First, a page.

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Theology in Scotland Journal

Theology in Scotland logo (normal)Theology in Scotland is sponsored by the School of Divinity, University of St Andrews (St Mary's College) and appears twice yearly, in spring and autumn. It was first published in 1994 at the request of a large group of ministers of the Church of Scotland.

With a mix of academic and practical articles and stimulating reviews, it is an ideal tool to help keep up-to-date with current theological thinking.

Current issue

Theology in Scotland 21 no. 1 (Spring 2014)

This issue of the journal comprises the winning entry in the Fraser Prize essay competion for 2013 and the text of lectures given at the First New College Church, Academy, Society Conference on ‘Mission and the Church’ held at New College, Edinburgh on 10 May, 2013.

FRASER PRIZE ESSAY

Does the church in Scotland still need theology?

Liam Fraser (doctoral student at New College, University of Edinburgh)

Liam Fraser’s prize-winning essay takes the approach of standing back to question the question of whether the church needs theology. This takes the form of investigating what the church in Scotland is like now, and also what theology has become and might become within it.


MISSION AND THE CHURCH

Belief and unbelief: Two sides of a coin

Grace Davie (Professor Emeritus in the Sociology of Religion at the University of Exeter)

Grace Davie writes regarding the nature of religion in modern Europe, and addresses factors of key significance. She identifies five significant factors affecting contemporary religion in Europe: the cultural heritage, the historical role of the state church, new models of the growing market in religion, the arrival in Europe of new religious groups, and the growth of the secular lobby. All of these subsist alongside each other. Davie makes the interesting case that the same factors are equally present in unbelief.

A contemporary perspective on mission: The blue flower

Alison Milbank (Associate Professor in the Department of Theology and Religious Studies at the University of Nottingham)

Alison Milbank offers an aesthetic approach to models of mission and evangelism, arguing for a model which is responsive to cultural production. Drawing on Romanticism, particularly the work of Novalis, she challenges some current understandings of mission and suggests an alternative approach through philosophical dialogue.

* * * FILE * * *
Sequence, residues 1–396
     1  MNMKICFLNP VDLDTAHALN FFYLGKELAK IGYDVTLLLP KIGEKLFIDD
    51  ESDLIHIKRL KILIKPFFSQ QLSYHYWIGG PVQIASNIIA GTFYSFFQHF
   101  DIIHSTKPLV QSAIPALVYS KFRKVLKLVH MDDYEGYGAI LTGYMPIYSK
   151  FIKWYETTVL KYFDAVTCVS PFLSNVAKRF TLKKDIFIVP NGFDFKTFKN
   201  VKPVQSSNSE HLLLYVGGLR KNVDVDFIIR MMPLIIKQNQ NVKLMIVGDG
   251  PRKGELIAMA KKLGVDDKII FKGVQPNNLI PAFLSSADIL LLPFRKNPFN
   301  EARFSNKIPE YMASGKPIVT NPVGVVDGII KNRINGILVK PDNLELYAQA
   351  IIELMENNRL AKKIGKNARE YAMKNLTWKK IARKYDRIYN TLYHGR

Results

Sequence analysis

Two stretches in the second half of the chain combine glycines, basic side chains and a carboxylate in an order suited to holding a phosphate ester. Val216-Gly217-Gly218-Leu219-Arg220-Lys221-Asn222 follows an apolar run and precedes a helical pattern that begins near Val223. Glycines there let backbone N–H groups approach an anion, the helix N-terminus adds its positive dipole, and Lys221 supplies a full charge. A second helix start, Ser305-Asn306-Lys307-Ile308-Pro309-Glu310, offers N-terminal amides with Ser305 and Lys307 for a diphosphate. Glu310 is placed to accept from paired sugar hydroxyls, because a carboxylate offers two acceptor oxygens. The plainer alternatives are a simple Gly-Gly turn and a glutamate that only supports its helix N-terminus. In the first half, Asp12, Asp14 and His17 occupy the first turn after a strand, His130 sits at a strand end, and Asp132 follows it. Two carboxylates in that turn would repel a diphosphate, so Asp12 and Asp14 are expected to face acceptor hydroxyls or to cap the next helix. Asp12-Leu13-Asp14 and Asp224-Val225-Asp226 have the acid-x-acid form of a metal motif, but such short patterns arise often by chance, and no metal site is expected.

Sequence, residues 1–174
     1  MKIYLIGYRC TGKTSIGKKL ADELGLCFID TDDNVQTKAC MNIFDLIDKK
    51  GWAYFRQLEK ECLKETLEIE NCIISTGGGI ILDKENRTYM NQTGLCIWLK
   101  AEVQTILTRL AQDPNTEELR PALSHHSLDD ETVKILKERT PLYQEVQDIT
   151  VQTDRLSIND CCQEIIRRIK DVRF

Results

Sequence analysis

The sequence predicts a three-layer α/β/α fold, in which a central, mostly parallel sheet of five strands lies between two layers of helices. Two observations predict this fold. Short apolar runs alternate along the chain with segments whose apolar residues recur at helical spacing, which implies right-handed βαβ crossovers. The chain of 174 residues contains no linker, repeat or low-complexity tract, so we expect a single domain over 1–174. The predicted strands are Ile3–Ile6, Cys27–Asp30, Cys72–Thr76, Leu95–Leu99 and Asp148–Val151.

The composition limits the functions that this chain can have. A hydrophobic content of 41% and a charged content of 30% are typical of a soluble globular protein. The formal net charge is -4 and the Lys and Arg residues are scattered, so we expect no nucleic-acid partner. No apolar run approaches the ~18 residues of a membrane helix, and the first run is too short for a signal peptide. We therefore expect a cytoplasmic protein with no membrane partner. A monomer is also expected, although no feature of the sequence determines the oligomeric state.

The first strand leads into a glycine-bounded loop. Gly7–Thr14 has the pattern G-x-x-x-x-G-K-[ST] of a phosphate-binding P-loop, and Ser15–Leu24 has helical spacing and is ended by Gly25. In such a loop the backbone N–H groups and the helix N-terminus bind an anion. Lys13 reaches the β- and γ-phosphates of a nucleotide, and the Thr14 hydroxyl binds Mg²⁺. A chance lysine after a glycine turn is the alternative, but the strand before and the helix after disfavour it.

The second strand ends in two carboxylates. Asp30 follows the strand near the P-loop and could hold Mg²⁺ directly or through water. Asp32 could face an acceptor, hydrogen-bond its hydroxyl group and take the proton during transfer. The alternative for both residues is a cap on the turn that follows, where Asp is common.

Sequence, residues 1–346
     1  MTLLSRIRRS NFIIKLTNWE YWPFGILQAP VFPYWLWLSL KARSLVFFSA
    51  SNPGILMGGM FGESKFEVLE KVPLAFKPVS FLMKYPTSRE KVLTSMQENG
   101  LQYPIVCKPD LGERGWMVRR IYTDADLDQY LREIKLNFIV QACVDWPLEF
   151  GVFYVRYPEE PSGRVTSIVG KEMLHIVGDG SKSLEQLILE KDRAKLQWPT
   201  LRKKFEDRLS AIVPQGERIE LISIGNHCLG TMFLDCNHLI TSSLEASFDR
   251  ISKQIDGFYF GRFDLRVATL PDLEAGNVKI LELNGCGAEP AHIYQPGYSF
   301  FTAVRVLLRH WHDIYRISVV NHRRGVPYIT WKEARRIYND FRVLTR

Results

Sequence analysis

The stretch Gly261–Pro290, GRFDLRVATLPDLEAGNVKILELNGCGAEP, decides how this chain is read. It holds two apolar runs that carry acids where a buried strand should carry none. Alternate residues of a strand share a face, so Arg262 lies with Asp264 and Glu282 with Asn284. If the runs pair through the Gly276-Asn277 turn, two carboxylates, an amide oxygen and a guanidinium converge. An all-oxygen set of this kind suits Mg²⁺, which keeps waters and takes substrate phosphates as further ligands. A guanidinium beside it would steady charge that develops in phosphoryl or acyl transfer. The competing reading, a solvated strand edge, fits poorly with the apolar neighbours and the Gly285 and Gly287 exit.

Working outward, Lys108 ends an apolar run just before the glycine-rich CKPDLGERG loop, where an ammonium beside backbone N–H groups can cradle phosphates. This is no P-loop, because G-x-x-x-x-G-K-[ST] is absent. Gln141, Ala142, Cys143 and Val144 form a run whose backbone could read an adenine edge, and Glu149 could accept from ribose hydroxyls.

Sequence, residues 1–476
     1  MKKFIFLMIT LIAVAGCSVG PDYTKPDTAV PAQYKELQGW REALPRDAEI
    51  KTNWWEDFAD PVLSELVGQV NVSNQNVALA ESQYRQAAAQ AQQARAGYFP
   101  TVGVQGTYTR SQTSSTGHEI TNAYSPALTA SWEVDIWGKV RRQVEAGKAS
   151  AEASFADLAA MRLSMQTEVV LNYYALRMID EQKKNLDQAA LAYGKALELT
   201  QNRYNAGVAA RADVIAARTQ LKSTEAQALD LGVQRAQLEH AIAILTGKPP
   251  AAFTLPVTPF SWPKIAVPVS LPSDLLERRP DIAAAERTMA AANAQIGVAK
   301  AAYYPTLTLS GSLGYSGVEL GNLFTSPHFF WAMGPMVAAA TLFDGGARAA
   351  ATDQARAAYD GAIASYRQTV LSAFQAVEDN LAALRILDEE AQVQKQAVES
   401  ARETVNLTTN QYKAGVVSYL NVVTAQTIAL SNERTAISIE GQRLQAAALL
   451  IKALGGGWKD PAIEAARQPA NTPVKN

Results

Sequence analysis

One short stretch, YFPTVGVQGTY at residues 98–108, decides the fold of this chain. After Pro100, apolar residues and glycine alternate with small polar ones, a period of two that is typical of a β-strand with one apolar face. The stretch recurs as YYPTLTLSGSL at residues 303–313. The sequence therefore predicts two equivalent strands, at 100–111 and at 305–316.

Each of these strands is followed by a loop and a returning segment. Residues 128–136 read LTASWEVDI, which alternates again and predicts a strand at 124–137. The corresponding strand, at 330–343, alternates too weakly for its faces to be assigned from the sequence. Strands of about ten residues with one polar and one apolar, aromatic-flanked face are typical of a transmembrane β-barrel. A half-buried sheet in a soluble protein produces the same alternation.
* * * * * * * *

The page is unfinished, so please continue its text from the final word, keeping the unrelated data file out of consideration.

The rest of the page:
Walking the tightrope: The missiology of Tom Allan for the church today

Sandy Forsyth (doctoral student and from September 2014 Hope Trust Research Fellow at New College, University of Edinburgh)

Tom Allan’s book The Face of my Parish and his leadership of the Tell Scotland movement in the 1950s both proved to be hugely significant in guiding the development of mission in Scotland in the post-war era. In this paper, Sandy Forsyth examines both Allan’s missiology and its context, looking in particular at how the impact of the decision to bring the Billy Graham Crusade to Scotland changed the public perception of mission, while at the same time undermining Allan’s original vision of the local congregation as agent in mission.

Seeking the truth: Relating theological scholarship and new models of church

Paul Hammond (doctoral student at St Mary’s College, University of St Andrews)

Theological engagement with ‘fresh expressions of church’ tends either to take the form of a presentation of different models to be followed or the development of overarching theological concepts. Paul Hammond’s paper however suggests a third way. He points out that current analysis of the development of fresh expressions of church seeks to identify implicit theologies; moreover, the further development of practice-derived theological reflection will require the active participation of those who are directly engaged with fresh expressions of church.

A theology of missio Dei

John Flett (Habilitand at the Institut für Interkulturelle Theologie und Interreligiöse Studien, Wuppertal, Germany)

In the popular usage, the primary definition of missio Dei is that mission is not something the church does, but God does. John Flett follows this with two further affirmations: as God is missionary, so the community which worships Him is missionary; and secondly that mission is set within an eschatological perspective and becomes the determining factor ‘between the times’. This article aims to correct the popular definition of the term by drawing on the work of Karl Barth, arguing that reconciliation across boundaries lies at the heart of the missio Dei.

Books reviewed:

  • Kenneth R. Himes, Christianity and the Political Order: Conflict, Cooptation, and Cooperation
  • Myk Habets, Theology in Transposition: A Constructive Appraisal of T. F. Torrance
  • Alan P. F. Sell, The Theological Education of the Ministry: Soundings in the British Reformed and Dissenting Traditions
  • Laurence A. B. Whitley, A Great Grievance: Ecclesiastical Lay Patronage in Scotland until 1750

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Contacts

Editor
The Rev. Dr Ian D. Maxwell
Uphall South Parish Church,
8 Fernlea,
Uphall,
Broxburn EH52 6DF
Tel. (01506) 239 840
i.d.maxwell@altrieve.com

Reviews Editor
Dr Scott Spurlock
Theology and Religious Studies
4 The Square
University of Glasgow
Glasgow
G12 8QQ
Scott.Spurlock@glasgow.ac.uk

Production Manager
Colin Bovaird
University Library
North Street
St Andrews, Fife
KY16 9TR
Tel: (01334) 462306
Fax: (01334) 462852
cab@st-andrews.ac.uk

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